Nov 11, 2002
Here is quotations from a website:
"the HIV virus is 9,128 bases long." "HIV I reverse transcriptase is extremely tolerant of non-standard base pairs and modified ribose units. This leads to an extremely high rate of mutation on the HIV genome. This is compounded by the fact that reverse transcriptase has no exonuclease capability, and hence no way to "proofread" strands of nucleotides as they are being produced. The rate of mistakes averages about 1/1700 to 1/4000 bases, but evidence points that reverse transcriptase is selectively unfaithful, as some bases in the genome have error rates as high as 1/30 bases! (3) One estimate suggests that about 10 bases change in the HIV genome per replication cycle! This high rate of mutation is the major obstacle in the search for a truly effictive wonder drug or vaccine to combat HIV, as resistant strains of the virus evolve rapidly. " End of quotation.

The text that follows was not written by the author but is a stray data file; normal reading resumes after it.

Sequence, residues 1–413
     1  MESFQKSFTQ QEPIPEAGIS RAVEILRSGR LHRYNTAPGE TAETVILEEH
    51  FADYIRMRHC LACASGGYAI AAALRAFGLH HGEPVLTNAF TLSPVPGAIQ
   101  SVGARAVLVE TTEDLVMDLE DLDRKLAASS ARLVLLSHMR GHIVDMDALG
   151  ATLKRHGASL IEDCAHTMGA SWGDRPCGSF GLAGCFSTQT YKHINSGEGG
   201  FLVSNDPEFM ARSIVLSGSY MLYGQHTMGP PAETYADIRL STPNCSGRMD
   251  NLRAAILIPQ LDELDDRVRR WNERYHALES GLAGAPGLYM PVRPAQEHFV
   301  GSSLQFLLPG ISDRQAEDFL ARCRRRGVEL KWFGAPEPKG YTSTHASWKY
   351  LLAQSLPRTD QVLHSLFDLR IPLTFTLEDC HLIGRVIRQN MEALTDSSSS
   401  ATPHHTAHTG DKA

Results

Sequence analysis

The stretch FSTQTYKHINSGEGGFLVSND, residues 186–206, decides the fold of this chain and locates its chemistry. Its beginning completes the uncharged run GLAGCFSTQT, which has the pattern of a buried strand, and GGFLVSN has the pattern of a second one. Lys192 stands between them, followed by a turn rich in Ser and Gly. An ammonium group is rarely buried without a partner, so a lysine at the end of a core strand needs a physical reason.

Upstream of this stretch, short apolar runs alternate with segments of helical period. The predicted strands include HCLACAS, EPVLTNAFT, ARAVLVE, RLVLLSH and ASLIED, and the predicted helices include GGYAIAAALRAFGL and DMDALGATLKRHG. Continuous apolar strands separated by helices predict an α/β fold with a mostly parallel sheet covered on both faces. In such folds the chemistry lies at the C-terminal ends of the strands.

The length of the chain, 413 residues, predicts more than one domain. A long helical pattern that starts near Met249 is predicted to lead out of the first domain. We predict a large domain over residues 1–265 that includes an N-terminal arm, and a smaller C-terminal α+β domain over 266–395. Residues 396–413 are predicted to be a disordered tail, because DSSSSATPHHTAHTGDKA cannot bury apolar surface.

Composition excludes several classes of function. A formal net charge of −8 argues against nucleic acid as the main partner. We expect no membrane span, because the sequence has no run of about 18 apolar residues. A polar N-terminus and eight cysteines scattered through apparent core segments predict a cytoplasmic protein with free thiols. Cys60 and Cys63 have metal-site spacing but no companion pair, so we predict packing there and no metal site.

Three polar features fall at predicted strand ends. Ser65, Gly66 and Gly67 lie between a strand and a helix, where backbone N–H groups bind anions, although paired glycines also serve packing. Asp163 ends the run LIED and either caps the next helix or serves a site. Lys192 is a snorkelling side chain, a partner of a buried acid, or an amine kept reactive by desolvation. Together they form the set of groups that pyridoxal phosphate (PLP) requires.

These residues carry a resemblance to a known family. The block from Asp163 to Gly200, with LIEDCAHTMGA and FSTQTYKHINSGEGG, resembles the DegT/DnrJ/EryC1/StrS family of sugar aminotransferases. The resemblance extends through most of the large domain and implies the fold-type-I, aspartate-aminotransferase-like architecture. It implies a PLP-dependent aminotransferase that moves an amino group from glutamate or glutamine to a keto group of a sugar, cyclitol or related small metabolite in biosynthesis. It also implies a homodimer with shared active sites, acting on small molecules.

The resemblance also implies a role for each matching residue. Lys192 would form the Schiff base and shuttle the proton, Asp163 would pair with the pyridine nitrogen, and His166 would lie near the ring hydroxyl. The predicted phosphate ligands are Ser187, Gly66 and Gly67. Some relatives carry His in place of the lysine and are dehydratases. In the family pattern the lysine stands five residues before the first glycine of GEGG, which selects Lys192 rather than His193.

If most of mutation is bad mutation for virus and will lead to death of virus, does the data above imply that most virus can not generate their children at all after their entering into the CD4+ cells? Thank you. Mark
| Response from Dr. Wohl
Here is exactly teh problem - not all mutations are fatal to the virus. The virus is very sloppy in making more of itself but can survive even with major mutations.
Offspring viruses can have varying degrees of difference from the 'parent' virus with some being only be slightly different and others much more so.
Add some HIV drugs to the mix and the mutations selected will be those that favor survival in the face of the presence of the drug. Lots of mutations but the bugger stick keeps ticking.
So, unfortunately, HIV does continue to replicate after entering T-cells. Its sloppiness makes the virus infection harder to treat and harder to prevent. DW
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